3 Community Justice Partners: Introduction
The new model for Community Justice, underpinned by the Community Justice (Scotland) Act 2016, has transformed the community justice landscape to bring a local perspective to community justice.
By community justice we mean: "the collection of individuals, agencies and services that work together to support, manage and supervise people who have committed offences, from the point of arrest, through prosecution, community disposal or custody and alternatives to these, until they are reintegrated into the community. Local communities and the third sector are a vital part of this process which aims to prevent and reduce further offending and the harm that it causes, to promote desistance, social inclusion, and citizenship." 
The new model for Community Justice, underpinned by the Community Justice (Scotland) Act 2016, has transformed the community justice landscape to bring a local perspective to community justice. The new model places planning at the local level where decisions can be made by people who know their area best. A legal duty is placed on statutory Community Justice Partners to engage in this planning process and report annually on their progress towards improving community justice outcomes.
Partnership working is crucial to improving community justice outcomes and community planning partnerships have an important role to play in facilitating this. In addition to the statutory partners, this requires the input of a diverse range of individuals and organisations covering a wide-range of interests, including housing, employability, and health and wellbeing. The diagram below shows just some of the diverse range of partners and stakeholders who have a role to play in community justice.
The third sector plays an important role in improving community justice outcomes. They are a source of innovation, responsiveness and flexibility, and can provide a meaningful connection to otherwise hard-to-reach service users and communities. The most effective way to improve outcomes for people and communities is by joined up working with the Third Sector at the planning stage.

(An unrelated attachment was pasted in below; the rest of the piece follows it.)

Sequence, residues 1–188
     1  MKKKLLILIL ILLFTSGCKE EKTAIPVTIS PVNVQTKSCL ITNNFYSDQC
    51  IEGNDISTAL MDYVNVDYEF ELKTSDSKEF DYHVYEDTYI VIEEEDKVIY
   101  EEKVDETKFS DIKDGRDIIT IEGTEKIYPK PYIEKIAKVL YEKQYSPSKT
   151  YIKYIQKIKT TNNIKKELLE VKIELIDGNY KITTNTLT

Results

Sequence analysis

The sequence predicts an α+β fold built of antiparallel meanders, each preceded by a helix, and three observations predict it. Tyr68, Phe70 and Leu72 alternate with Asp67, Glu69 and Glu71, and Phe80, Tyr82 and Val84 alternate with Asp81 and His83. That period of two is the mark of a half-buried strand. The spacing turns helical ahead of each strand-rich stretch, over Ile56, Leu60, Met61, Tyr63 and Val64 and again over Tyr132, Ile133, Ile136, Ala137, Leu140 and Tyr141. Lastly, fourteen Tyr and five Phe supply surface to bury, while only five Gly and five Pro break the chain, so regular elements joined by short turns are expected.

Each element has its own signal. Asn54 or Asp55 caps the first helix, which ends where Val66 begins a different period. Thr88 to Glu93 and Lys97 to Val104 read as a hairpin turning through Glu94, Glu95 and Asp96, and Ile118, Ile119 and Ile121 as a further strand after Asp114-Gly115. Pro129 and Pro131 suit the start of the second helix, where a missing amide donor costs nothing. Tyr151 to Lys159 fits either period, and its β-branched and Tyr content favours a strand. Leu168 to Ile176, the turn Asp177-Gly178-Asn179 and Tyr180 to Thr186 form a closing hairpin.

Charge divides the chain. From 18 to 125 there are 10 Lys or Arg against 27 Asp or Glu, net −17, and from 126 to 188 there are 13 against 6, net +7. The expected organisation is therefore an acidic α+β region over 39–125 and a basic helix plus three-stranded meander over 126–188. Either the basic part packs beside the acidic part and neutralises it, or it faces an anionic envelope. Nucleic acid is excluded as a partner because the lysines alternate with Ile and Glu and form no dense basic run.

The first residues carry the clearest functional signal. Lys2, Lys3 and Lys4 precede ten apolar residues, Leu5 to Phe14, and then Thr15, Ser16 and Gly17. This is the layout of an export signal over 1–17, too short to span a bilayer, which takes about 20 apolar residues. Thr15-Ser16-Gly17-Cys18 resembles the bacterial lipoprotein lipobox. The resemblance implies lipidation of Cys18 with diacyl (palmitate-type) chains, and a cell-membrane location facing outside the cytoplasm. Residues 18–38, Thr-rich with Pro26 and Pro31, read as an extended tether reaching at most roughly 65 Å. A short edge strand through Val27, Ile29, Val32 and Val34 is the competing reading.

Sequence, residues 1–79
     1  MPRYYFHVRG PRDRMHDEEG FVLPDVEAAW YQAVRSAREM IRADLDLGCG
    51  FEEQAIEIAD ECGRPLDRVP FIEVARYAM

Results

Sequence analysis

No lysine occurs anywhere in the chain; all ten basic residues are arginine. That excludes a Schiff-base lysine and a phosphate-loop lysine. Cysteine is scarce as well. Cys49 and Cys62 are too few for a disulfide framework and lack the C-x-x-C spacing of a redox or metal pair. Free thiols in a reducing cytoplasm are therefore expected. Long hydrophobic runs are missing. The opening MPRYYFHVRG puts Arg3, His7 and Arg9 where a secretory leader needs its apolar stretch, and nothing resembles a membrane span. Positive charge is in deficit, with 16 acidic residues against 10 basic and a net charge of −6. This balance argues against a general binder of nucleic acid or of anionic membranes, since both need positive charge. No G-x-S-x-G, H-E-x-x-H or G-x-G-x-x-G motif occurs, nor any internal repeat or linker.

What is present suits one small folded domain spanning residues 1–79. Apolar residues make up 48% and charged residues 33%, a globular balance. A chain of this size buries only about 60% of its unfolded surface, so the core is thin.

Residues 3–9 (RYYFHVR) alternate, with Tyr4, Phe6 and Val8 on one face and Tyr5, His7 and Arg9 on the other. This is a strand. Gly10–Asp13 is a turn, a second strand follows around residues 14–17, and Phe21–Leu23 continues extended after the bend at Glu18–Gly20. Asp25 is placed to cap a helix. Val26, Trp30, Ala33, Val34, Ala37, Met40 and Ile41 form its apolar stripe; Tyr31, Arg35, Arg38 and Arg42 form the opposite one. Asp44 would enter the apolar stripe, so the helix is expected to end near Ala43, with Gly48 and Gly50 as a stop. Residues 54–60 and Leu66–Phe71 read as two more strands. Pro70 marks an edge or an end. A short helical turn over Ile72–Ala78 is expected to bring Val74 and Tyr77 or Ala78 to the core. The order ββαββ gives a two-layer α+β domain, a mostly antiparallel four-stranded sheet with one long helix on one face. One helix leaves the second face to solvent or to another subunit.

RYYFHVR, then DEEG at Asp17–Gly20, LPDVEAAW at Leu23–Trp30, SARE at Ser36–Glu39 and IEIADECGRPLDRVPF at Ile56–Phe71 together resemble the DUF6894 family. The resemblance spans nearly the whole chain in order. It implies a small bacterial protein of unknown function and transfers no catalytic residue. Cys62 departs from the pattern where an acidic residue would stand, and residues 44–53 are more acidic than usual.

Community is at the heart of the new model. Whether challenging stigma, employing people with convictions, or participating in community justice planning - improving community justice outcomes will require the involvement and support of local people and businesses. It is vital that this includes victims of crime, people who have committed offences, families, and the community bodies that represent them.
The national strategy for community justice will help this broad range of stakeholders to work together. There is a statutory duty on partners to have regard to this strategy which provides a shared vision to help partners and communities work together effectively to improve community justice outcomes, while retaining the flexibility to adapt to local needs and circumstances. 
Continuous improvement will provide the new model with the flexibility to respond to new issues as they arise. An outcomes, performance and improvement framework has been developed alongside the strategy and will provide partners with opportunities to record and share achievements while identifying learning and innovation to drive improvement, with the assistance of Community Justice Scotland.
A collaborative approach has been used to develop this strategy, and the broad range of members on the steering group helped us to capitalise on a wide range of expertise. We face complex and long-standing challenges but we look forward to new opportunities to address these issues together. 
"We believe that the vision for community justice is the right one to improve outcomes for the people of Scotland. We must prevent and reduce further offending in a fair and effective way by addressing its underlying causes. Under the new model for community justice, we will seize these opportunities for collaboration to drive innovation and improve community justice outcomes."
National Strategy for Community Justice: Steering Group, 2016
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